Physical movement stored as memory in a microchip could lead to advances in touch screens, robot control devices and medical implants. Researchers are arraying nanowires on a microchip to form a write-read memory cell as part of ongoing work that could convert motions, such as a hand in a glove or pressing a display, into memory. Moving or putting pressure on the nanowires creates an electrical current that can be read and recorded as memory. Arrays of such cells offer the potential for a variety of user interface applications and for new ways to convert mechanical or biological actions into electronic data.
Officials at Auburn University, Auburn, Alabama, are developing a program that allows students from any academic discipline to work closely with the U.S. intelligence community in a variety of actual national security-related problems. The university is on track to begin offering a minor in intelligence analysis in the relatively near future and a major in the next five years.
The U.S. Army is working to ensure the future of autonomous air platforms by reaching out to the emerging talent in the academic world. Earlier this year, soldiers signed a memorandum of understanding with the University of Alabama in Huntsville to engage students with work in this field as part of their education. The program aims to develop an innovative and prepared workforce in the future. Graduates not only will have had a more specific focus for their studies, but they also will be prepared better for the job market. Shaping studies now helps ensure that necessary skills are available to and even present in the Army later, according to officials from both the military branch and the institute of higher education.
The U.S. Navy uses a popular online collaboration tool to change course around last-minute travel restrictions.
The U.S. Naval Safety and Environmental Training Center, charged with conducting safety and environmental training worldwide, successfully is circumventing hurriedly imposed government travel restrictions by using an online application to conduct safety and environmental training. The tool recently enabled the center to conduct an annual conference with more than 1,000 attendees.
Today’s financial skimping will lead to military forces and equipment that are short on readiness for future conflicts. Cutbacks in training and travel to conferences where service members network, learn about the latest in technologies and benefit from educational courses is one way to meet mandated budget cuts; but in the long term, they will result in service members who are ill-prepared to meet the challenges of what some believe will be a volatile future. Simultaneously, reductions in maintenance of vehicles, networks and ships will result in higher repair bills much like a car that is not routinely taken to the shop ends up costing the owner more to fix in the long run.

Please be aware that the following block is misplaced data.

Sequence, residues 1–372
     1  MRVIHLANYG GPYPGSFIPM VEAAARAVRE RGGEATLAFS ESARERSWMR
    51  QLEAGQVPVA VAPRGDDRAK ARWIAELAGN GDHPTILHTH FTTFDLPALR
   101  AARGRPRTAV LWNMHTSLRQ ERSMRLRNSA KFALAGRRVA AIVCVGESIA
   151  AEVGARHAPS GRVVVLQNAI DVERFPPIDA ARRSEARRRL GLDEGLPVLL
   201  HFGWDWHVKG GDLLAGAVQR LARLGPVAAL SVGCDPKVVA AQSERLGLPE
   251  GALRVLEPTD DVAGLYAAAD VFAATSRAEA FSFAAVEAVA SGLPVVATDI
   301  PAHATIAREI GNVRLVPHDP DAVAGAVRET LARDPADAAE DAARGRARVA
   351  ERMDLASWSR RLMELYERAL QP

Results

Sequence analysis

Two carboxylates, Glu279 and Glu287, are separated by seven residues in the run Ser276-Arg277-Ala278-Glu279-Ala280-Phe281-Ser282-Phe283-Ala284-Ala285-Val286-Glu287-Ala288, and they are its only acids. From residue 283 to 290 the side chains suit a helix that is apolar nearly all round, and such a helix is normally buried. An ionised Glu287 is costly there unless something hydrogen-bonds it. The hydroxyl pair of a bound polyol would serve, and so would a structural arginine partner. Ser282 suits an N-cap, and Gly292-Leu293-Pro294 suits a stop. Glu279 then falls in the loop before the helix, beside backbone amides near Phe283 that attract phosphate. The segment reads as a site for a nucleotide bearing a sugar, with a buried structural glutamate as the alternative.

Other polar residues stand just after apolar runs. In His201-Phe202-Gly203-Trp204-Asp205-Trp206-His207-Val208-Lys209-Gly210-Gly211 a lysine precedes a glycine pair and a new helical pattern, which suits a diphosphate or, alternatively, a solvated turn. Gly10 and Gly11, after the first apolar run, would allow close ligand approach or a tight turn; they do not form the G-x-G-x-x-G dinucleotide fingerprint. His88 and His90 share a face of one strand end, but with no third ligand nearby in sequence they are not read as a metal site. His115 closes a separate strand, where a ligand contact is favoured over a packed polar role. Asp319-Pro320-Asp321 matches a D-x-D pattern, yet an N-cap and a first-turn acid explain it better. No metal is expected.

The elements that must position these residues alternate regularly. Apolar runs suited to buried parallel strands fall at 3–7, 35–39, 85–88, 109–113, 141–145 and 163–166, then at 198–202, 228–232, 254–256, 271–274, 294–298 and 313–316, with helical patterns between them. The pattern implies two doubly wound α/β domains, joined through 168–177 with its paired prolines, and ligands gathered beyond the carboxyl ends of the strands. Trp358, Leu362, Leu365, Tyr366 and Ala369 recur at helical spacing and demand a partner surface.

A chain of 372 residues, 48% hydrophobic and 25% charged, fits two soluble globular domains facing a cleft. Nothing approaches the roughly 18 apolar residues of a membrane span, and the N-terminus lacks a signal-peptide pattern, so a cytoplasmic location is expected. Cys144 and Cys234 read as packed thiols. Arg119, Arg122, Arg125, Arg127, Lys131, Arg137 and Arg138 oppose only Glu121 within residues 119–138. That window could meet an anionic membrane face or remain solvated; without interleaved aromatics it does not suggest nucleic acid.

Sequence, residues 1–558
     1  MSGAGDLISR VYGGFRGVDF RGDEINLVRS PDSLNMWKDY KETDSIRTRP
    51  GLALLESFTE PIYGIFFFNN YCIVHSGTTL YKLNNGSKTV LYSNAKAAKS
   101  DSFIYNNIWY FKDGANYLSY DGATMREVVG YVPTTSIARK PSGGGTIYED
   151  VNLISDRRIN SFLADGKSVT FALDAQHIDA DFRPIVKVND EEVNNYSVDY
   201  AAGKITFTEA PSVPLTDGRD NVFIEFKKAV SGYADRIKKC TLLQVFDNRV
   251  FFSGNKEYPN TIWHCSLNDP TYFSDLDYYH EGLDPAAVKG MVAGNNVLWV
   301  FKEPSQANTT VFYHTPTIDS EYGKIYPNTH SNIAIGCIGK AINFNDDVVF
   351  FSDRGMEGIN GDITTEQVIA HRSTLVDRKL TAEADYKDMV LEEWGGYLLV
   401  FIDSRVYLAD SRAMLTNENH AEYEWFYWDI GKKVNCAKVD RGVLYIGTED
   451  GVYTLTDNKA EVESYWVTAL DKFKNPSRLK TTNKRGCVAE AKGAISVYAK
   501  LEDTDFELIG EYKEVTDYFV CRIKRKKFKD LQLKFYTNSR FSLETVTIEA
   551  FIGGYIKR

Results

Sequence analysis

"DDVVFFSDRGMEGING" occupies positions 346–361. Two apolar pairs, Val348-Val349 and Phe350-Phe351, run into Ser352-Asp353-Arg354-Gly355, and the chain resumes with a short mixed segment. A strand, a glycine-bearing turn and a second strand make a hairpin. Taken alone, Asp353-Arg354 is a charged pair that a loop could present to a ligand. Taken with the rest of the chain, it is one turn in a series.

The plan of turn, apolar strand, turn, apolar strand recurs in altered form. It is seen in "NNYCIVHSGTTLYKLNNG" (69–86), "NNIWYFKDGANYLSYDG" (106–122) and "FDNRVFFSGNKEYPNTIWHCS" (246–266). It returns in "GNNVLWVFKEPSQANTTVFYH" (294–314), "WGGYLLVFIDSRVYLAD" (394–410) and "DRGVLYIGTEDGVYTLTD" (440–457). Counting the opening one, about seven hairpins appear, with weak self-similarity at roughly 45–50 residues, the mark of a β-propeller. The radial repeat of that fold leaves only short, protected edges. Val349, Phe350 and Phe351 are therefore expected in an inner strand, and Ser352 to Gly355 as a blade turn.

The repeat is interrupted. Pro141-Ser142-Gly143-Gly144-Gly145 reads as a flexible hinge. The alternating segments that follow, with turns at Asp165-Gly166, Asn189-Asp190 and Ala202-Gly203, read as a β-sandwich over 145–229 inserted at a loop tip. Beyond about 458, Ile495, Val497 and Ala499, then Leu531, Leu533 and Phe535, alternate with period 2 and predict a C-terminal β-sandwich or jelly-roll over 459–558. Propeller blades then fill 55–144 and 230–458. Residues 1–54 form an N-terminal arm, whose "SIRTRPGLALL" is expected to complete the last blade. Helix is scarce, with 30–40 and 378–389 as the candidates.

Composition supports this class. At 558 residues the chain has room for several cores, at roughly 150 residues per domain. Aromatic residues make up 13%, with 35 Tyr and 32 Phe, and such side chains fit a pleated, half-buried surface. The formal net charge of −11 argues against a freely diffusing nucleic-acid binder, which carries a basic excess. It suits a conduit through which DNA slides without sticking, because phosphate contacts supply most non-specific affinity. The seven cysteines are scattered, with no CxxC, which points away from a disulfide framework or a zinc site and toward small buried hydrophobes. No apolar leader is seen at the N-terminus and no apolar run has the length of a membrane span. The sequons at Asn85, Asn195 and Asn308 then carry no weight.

The Army adjusts its training and career path for cyber domain troops and leaders.
The U.S. Army is taking a successful model developed to train chief warrant officers in the realm of information assurance and is adapting it for qualified enlisted personnel and officers. Instead of reinventing the wheel, the program blends already-successful cybersecurity training designed for the private sector with training tailored for the Army’s mission-specific networks. The goal is to create a career path for what is expected to be a cadre of cyberspecialists whose primary goal is to protect and defend the service’s digital infrastructure.
As the U.S. Army wraps up fighting land wars in Iraq and Afghanistan, the service is adapting cybersecurity training to the changing landscape.
The U.S. Army is making its facility at West Point the focus of a joint program with the other services, industry and academia, devoted to sharing advanced cybertraining and research. Training in the new cyber realm includes not only basic best practices concerning passwords and mobile device security but also advanced training in the latest network management protocols and technology for members of the Army’s Signal Corps.
An industry-supported online school provides a good grounding in the science and application of very large datasets.
A virtual school, developed by a team of leading software and hardware companies, is providing readily accessible education in the use of large information datasets. The classes range from entry-level sessions on the essentials of big data for managers to practical instruction for veteran programmers who are accustomed to managing more traditional relational databases.
A major aim is to serve as a forum for the nation's defense companies to alleviate concerns over fiscal austerity.